Alaska Supreme Court Opinions made Available by Touch N' Go Systems and Bright Solutions

Touch N' Go, the DeskTop In-and-Out Board makes your office run smoother. Visit Touch N' Go's Website.
  This site is possible because of the following site sponsors. Please support them with your business.

You can search the entire site. or go to the recent opinions, or the chronological or subject indices.

State v. Anthony et al (9/13/91), 816 P 2d 1377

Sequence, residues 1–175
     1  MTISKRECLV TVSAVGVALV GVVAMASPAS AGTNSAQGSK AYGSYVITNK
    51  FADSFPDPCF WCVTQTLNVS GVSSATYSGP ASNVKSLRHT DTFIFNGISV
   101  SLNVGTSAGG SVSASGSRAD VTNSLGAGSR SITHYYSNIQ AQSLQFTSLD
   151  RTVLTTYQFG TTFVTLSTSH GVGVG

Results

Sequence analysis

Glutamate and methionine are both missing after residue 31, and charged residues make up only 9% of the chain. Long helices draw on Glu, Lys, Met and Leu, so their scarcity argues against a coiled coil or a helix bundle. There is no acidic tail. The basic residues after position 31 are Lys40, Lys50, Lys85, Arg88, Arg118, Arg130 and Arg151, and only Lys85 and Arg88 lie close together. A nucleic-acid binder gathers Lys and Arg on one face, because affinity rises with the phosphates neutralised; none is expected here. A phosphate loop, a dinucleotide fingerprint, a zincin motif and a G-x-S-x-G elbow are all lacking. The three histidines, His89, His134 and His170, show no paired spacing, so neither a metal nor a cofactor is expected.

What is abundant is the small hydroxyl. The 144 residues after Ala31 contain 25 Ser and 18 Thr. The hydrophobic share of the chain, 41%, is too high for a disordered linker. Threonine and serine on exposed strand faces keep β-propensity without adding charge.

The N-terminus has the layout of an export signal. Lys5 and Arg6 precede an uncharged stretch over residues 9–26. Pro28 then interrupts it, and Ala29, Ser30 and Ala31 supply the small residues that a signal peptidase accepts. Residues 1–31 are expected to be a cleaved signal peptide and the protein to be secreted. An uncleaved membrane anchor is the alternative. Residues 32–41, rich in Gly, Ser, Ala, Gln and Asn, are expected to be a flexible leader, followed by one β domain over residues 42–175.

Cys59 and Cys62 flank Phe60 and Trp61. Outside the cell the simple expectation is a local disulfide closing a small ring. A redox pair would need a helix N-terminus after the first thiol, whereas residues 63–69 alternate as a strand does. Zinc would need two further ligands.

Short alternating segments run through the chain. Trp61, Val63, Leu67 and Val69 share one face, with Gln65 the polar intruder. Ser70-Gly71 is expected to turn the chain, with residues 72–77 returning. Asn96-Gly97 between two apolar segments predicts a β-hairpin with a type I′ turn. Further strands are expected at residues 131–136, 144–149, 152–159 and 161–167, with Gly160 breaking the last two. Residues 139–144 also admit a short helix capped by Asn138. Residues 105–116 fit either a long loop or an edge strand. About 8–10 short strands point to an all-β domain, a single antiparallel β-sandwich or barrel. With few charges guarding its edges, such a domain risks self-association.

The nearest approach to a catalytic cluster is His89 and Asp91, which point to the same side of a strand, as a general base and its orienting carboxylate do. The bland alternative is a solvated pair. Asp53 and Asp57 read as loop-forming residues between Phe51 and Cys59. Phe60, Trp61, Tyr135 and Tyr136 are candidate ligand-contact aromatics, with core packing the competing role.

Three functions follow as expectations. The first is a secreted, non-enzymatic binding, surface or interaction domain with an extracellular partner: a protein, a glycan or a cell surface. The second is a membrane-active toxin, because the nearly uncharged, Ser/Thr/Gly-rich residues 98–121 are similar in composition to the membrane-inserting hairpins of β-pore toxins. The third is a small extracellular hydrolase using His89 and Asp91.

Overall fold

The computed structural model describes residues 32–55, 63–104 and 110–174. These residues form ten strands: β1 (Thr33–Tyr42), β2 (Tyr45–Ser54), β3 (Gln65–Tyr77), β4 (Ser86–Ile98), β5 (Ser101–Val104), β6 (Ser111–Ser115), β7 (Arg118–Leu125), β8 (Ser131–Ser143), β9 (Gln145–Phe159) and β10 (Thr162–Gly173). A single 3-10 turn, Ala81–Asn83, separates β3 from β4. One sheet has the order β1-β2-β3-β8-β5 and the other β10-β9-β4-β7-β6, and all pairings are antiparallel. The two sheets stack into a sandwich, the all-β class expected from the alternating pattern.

Notice: This is subject to formal correction before publication in the Pacific Reporter. Readers are requested to bring typographical or other formal errors to the attention of the Clerk of the Appellate Courts, 303 K Street, Anchorage, Alaska 99501, in order that corrections may be made prior to permanent publication. THE SUPREME COURT OF THE STATE OF ALASKA STATE OF ALASKA, ) ) Appellant, ) v. ) ) DENNIS RAY ANTHONY, JAMES RICHARD ) O P I N I O N FLAKE, DAVID MATTHEW LOGUE, RICHARD) ON REHEARING R. ECKLUND, VICTOR E. CHAMBERS, on ) behalf of themselves and all other ) persons who are now or will be ) similarly situated, ) [Opinion 3753 - Case No. 3PA-88-1009 CI, ) September 13, 1991] ) LEROY K. SMITH, ROGER M. PIKE, ) PATRICK PLETNIKOFF, RICHARD D. ) NITZ, MICHAEL A. BATEMAN, ) ROBERT D. LOZZIO, ROBERT D. THRALL,) CASE NO. 3PA-88-601 CI, ) ) REGINALD L. SILVERNAIL, ) CASE NO. 3KN-88-816 CI, ) ) ANTHONY L. BROWN, ) CASE NO. 3AN-88-8966 CI, ) ) EDWARD P. LOWRY, ) CASE NO. 3AN-88-9165 CI, ) ) JOHN C. ASPELL, ) CASE NO. 3AN-88-8987 CI, ) ) RICHARD H. KRANTZ, ) CASE NO. 3AN-88-8986 CI, ) ) SIDNEY R. HERTZ, PETER W. THORSEN, ) CASE NO. 3AN-88-10971 CI, ) ) TERRY F. NEWELL, ) CASE NO. 3AN-88-966 CI, ) ) ROBERT G. KLINK, ) CASE NO. 3KN-88-970 CI, ) ) Supreme Court No. S-3650 Appellees. ) ) STATE OF ALASKA, DEPARTMENT OF ) REVENUE, ) ) Supreme Court No. S-3765 Appellant, ) 3AN-89-3807 CI v. ) ) RICHARD CARL SNYDER, ) ) [No. 3753 - Appellee. ) September 13, 1991] ) Petitions for Rehearing of Appeal from the Superior Court of the State of Alaska, Third Judicial District, Palmer/Anchorage, Beverly W. Cutler and Karen L. Hunt, Judges. Appearances: Marilyn May, Assistant Attorney General, Anchorage, and Jeffrey W. Bush, Assistant Attorney General, Juneau, and Douglas B. Baily, Attorney General, Juneau, for Appellant. Pete Ehrhardt, Robinson, Beiswenger & Ehrhardt, Soldotna, for Appellees Anthony, Silvernail, Newell and Klink. Edward P. Lowry, Sidney R. Hertz, Anthony L. Brown, Appellees pro se, Seward, and Leroy K. Smith, Appellee pro se, Palmer. Before: Rabinowitz, Chief Justice, Burke, Matthews, Compton and Moore, Justices. COMPTON, Justice. In State v. Anthony, 810 P.2d 155 (Alaska 1991), we concluded that AS 43.23.005(d), which makes incarcerated felons ineligible for permanent fund dividends, does not violate the equal protection clause of the Alaska Constitution or the United States Constitution. We did not address whether the statute violates the ex post facto clause of either constitution and therefore grant the appellees' petitions for rehearing to resolve this issue. The United States Supreme Court has summarized the characteristics of an ex post facto law as follows: [A]ny statute which punishes as a crime an act previously committed, which was innocent when done; which makes more burdensome the punishment for a crime, after its commission; or which deprives one charged with a crime of any defense available according to law at the time when the act was committed, is prohibited as ex post facto. Dobbert v. Florida, 432 U.S. 282, 292 (1977) (quoting Beazell v. Ohio, 269 U.S. 167, 169-70 (1925)).1 The first and the third characteristics clearly do not apply to this case. The inmates do not challenge the validity of their convictions. Alaska Statute 43.23.005(d) does not alter the definition of any crime nor affect any criminal defenses. The inmates simply argue that by declaring them ineligible for permanent fund dividends they were previously entitled to receive, the statute increases the punishment for their crimes after the commission of these crimes. The mere fact that AS 43.23.005(d) alters a convicted felon's circumstances to his or her disadvantage does not in itself invalidate the statute as ex post facto. See, e.g., Flemming v. Nestor, 363 U.S. 603, 613-14 (1960) (dismissed ex post facto challenge to statute terminating social security retirement benefits of deported aliens); De Veau v. Braisted, 363 U.S. 144, 160 (1960) (upheld New York statute prohibiting solicitation of waterfront employees by labor organization if any officer or agent of such organization had been convicted of a felony); Jones v. Heckler, 774 F.2d 997 (10th Cir. 1985) (upheld statute denying social security benefits to felons during period of incarceration); Auditor Gen. v. Olezniczak, 4 N.W.2d 679, 680-81 (Mich. 1942) (upheld prison reimbursement act imposing civil liability on all prisoners able to pay for their maintenance); Golden v. Okfuskee County Election Bd., 723 P.2d 982 (Okla. 1986) (upheld law forbidding persons who have entered guilty pleas to certain offenses from holding public office). The United States Supreme Court has held that a statute enacted for valid regulatory purposes rather than simply to punish individuals for their past conduct does not violate the ex post facto clause. De Veau, 363 U.S. at 160. As we noted in our original opinion, the articulated purpose of AS 43.23.005(d) is to obtain funds for crime victims. In addition, we noted that the parties did not dispute at trial that a purpose of the statute is to reimburse the state for the cost of confinement. It is significant that a person convicted of a felony who is not sentenced to incarceration is not made ineligible for a permanent fund dividend. Since the purpose of the statute is compensatory rather than punitive, we conclude that it does not violate the ex post facto clause of either the United States or the Alaska Constitution.2 Unlike the statutes at issue in most of the cases relied on by the inmates, AS 43.23.005(d) does not change the criminal justice system itself in any way. The statute's effect is similar to that of the statute upheld in Dobbert: The crime for which the present defendant was indicted, the punishment prescribed therefor, and the quantity or the degree of proof necessary to establish his guilt, all remained unaffected by the subsequent statute. 432 U.S. at 294 (quoting Hopt v. Utah, 110 U.S. 574, 589-90 (1884)). The statute does not remove the possibility of probation as in Michigan v. Wells, 360 N.W.2d 219 (Mich. App. 1984); increase the period of probation that can be required as in Arizona v. Mendivil, 592 P.2d 1256 (Ariz. 1979), and People v. Moon, 337 N.W.2d 293 (Mich. App. 1983); eliminate an advantageous sentencing option as in Lindsey v. Washington, 301 U.S. 397 (1937), and United States v. Romero, 596 F. Supp. 446, 449 (D.N.M. 1984); or impose community service as in Doyle v. Florida, 513 So. 2d 188, 190 (Fla. Dist. Ct. App. 1987). The inmates also rely on cases in which courts held applications of statutes imposing additional costs on criminals to those whose crimes were committed prior to the effective date of the statutes violated constitutional prohibitions against ex post facto laws. See Yost v. Florida, 489 So. 2d 131 (Fla. Dist. Ct. App. 1986) (imposition of court costs of $200, in addition to other fines and costs, when any person is convicted of a felony), aff'd, 507 So. 2d 1099 (Fla. 1987); Illinois v. Timmons, 449 N.E.2d 1366, 1372 (Ill. App. Ct. 1983) (imposition in sentencing of $60 surcharge, in addition to fine and costs, for most criminal or traffic offenses); Loomer v. Wyoming, 768 P.2d 1042, 1049 (Wyo. 1989) (costs of prosecution "may be added to and made a part of the sentence" in any felony or misdemeanor case). Unlike AS 43.23.005(d), the statutes at issue in these cases all affected the sentence of the criminal defendants involved. In Yost, for example, the statute provided that no "gain time"could accrue on a sentence until all fees and court costs were paid and that indigents be sentenced to a term of community service in lieu of paying costs. 489 So. 2d at 132.3 The statute in Timmons explicitly labeled the surcharge at issue as a "penalty assessment."449 N.E.2d at 1372. In Loomer the statute provided that the additional costs be "added to and made a part of the sentence." 768 P.2d at 1049. In the absence of any evidence that the intent or effect of AS 43.23.005(d) is punitive, we conclude that the application of the statute to felons convicted of crimes committed prior to the statute's effective date is not ex post facto. _______________________________ 1. The parties agree that the ex post facto prohibition of the Alaska Constitution is the same as that of the United States Constitution. The United States Constitution provides that "[n]o state shall . . . pass any bill of attainder, ex post facto law or law impairing the obligation of contracts . . . ." Art. I, 10. The Alaska Constitution provides that "[n]o bill of attainder or ex post facto law shall be passed." Art. I, 15. We have previously found no reason to construe our state ex post facto prohibition differently from the federal provision. State v. Creekpaum, 753 P.2d 1139, 1143 (Alaska 1988); Danks v. State, 619 P.2d 720, 722 (Alaska 1980). 2. The inmates rely on United States v. MacDonald, 607 F. Supp. 1183 (E.D.N.C. 1985), in which the court held that a federal statute requiring forfeiture of any proceeds received by a criminal defendant for selling the story of his or her crimes was ex post facto as applied to a criminal defendant convicted of crimes committed prior to passage of the statute. Although legislative history indicated that one of the purposes of the act was to compensate crime victims, the court found that the government's goal was to prevent wrongdoers from profiting from their crimes. Id. at 1186. The inmates offered no evidence that AS 43.23.005(d) had a similar punitive intent. If the legislature simply intended to take the dividends from incarcerated felons for the purpose of paying a higher dividend to the rest of the state's residents, then ex post facto problems might arise. 3. On appeal, the Florida Supreme Court emphasized the significance of the penalty provisions. Following the lower court's decision, the statute was amended to delete the penalty provisions for failure to pay the fees and costs. The supreme court noted that "[r]espondent concedes that the statute, as amended, does not violate the ex post facto clause." Florida v. Yost, 507 So. 2d 1099, 1101 (Fla. 1987).